What are some of Luke's famous writings from the Gospel?

A:

Two books of the New Testament have been attributed to Saint Luke: Luke's Gospel, and Acts of the Apostles. They were both written anonymously, so we do not really know who wrote them, although they were attributed to the apostle Luke later in the second century. Both were written in Greek Koine, with the Gospel written in the nineties of the first century or early in the second century, and Acts written some time later.

Luke 1:1-2 tells us what the author actually knew about the lfe and mission of Jesus, and how he knew it:

"Forasmuch as many have taken in hand to set forth in order a declaration of those things which are most surely believed among us, Even as they delivered them unto us, which from the beginning were eyewitnesses, and ministers of the word;"

The gospel is therefore an account of those things that were believed among Luke's group of Christians, which were delivered to them and which seemed to have come from eyewitnesses. The traditional attribution to Paul's companion Luke assumes that Paul and others actually taught Luke about Jesus, and that Luke then wrote down what he was taught, but this introduction clearly says that the information was 'delivered' to Luke and his fellow-Christians. Using a parallel reading in the Greek language, scholars have demonstrated that the main source delivered to and used by the author of Luke was Mark's Gospel. Another source, shared by the author of Matthew, is believed to be the hypothetical 'Q' document, which contained sayings material attributed to Jesus.

Verse 1:3 addresses the gospel to an otherwise unknown Theophilus. Theophilus could have been a real person or, since the name means 'lover of God', could refer to all Christians. It could also be a mimesis flag indicating that the author drew some of his material from the works of Josephus, just as modern authors use citations when drawing material from other authors.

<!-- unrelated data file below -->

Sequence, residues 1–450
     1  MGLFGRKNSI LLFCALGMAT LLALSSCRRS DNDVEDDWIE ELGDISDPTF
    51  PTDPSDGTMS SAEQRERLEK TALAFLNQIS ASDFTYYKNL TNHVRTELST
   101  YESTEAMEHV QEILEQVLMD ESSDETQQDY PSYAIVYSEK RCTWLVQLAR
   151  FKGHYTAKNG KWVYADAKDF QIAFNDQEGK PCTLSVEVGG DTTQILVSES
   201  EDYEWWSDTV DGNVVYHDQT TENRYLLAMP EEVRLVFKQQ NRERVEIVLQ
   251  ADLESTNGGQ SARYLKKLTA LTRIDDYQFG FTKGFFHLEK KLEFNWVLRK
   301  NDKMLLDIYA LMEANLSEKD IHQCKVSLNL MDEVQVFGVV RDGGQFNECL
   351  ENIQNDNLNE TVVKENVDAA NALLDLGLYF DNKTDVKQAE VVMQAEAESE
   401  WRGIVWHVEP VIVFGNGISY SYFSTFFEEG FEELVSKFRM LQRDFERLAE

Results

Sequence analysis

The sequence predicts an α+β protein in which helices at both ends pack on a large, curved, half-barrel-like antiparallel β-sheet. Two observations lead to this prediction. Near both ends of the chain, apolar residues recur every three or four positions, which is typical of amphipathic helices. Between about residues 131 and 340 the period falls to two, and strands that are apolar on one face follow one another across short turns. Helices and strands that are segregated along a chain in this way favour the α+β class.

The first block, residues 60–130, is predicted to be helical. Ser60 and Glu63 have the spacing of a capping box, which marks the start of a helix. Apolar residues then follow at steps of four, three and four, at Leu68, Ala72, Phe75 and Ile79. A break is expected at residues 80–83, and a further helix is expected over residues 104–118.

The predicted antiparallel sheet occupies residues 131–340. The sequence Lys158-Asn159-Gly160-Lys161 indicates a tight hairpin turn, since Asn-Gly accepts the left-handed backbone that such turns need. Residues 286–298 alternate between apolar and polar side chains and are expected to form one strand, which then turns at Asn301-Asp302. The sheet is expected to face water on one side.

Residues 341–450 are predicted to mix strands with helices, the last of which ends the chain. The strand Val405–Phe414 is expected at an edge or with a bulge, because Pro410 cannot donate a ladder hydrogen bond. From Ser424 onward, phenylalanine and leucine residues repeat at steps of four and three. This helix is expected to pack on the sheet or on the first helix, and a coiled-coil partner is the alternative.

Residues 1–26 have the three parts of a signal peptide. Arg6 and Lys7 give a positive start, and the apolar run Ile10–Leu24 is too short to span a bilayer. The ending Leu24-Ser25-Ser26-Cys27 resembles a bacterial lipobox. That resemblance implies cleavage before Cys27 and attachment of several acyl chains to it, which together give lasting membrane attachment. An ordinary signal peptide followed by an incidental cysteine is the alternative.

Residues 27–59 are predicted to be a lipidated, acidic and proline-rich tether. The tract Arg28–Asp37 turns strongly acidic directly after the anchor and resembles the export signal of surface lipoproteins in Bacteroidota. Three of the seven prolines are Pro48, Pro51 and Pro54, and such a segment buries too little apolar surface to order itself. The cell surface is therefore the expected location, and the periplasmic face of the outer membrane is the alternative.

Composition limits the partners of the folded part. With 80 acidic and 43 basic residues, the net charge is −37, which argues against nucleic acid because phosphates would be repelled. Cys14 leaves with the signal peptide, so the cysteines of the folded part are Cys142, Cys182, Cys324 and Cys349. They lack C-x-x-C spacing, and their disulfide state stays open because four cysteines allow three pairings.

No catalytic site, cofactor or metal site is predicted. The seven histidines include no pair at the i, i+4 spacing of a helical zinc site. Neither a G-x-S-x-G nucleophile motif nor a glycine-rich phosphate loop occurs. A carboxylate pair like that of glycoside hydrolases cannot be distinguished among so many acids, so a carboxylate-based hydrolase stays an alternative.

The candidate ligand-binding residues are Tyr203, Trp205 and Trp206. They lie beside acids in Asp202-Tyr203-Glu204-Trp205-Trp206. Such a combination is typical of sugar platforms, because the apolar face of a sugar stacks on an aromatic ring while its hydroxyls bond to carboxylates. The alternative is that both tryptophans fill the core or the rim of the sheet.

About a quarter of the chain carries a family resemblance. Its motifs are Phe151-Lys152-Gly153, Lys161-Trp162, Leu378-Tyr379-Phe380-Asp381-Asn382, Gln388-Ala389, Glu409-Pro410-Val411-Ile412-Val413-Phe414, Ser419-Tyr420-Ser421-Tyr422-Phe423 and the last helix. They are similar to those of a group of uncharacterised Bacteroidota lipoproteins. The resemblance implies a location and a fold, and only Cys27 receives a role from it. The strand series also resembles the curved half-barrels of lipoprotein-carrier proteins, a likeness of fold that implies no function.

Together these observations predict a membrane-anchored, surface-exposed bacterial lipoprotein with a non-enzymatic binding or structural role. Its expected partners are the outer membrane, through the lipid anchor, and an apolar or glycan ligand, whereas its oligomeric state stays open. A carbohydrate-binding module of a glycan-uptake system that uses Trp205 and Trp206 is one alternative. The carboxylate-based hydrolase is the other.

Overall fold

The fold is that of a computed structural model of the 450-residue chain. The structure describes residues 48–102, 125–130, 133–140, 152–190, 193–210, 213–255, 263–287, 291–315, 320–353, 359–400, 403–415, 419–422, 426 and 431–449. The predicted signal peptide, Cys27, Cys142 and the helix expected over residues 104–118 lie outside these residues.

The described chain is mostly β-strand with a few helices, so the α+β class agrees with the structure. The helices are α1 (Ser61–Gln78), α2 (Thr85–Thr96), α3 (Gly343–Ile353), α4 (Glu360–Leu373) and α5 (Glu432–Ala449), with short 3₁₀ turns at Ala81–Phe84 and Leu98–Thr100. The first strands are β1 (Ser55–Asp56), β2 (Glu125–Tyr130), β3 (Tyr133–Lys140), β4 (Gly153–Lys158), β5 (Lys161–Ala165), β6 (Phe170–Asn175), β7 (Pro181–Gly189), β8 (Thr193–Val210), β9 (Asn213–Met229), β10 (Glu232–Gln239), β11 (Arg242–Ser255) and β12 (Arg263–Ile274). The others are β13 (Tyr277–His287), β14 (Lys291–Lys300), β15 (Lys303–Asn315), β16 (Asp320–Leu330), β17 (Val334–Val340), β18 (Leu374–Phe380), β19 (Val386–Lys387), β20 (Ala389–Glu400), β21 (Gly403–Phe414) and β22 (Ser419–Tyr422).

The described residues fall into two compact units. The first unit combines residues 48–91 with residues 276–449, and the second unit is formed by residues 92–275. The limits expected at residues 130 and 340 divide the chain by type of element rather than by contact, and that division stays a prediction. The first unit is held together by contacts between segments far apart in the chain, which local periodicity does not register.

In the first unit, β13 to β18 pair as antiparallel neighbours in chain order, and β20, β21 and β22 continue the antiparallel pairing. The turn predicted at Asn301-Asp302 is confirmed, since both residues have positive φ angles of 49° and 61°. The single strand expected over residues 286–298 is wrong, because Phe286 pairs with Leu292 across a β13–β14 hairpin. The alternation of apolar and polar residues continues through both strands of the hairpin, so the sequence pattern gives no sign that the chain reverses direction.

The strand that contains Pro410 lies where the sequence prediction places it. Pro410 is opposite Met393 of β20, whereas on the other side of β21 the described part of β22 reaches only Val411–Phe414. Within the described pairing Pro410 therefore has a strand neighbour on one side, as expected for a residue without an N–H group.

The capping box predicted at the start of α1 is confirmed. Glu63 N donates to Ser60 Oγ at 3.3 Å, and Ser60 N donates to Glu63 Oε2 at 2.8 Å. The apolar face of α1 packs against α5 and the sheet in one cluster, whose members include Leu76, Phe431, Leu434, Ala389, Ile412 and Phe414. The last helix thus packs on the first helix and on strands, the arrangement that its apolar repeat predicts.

More than any other gospel writer, Luke was concerned for the poor. His nativity account, although described as unlikely to be historical, has poor shepherds go to worship the baby Jesus, unlike the magi who came bearing gifts of gold and rare spices in Matthews Gospel.

In Matthew (chapter 5) the first beatitude is, "Blessed are the poor in spirit: for theirs is the kingdom of heaven." In Luke (chapter 6) the first beatitude is, "Blessed be the poor: for theirs is the kingdom of God." A subtle difference, but one that demonstrates Luke's concern for the poor of this world.

The parable of the prodigal son is in Luke chapter 15. A certain man had two sons, and the younger of them asked for his inheritance now. He then journeyed into a far country and wasted his entire inheritance. When he was reduced to starvation, he returned home, saying that he was no more worthy to be called his father's son, but asking to be made one of the hired servants. But the father sent his servants to bring the best robe and put it on him, and a ring on his hand and shoes on his feet. He ordered that a fatted calf be killed for a feast to rejoice in the return of his son. The older son was angry, but his father consoled him, saying that everything he had would be his, but that they should both be glad at the return of his brother.

Luke and John are the only gospels that mention Lazarus. In Luke 16:20-31, Lazarus was a beggar in a parable. When Lazarus died he went to heaven, but a rich man who also died went to hell. The rich man asked Abraham to resurrect Lazarus and send him back to the rich man's house to warn his relatives of the fate that awaited them, so that they would repent. John's Gospel changes this somewhat, making Lazarus the brother of Jesus' wealthy friends, Mary and Martha, and having Jesus really resurrect him.

Luke was the evangelist who told us of the bodily ascension of Jesus to heaven, both in the Gospel (Luke 24:51) and Acts of the Apostles (Acts 1:9), although the latter account only has the ascension take place at the end of forty days.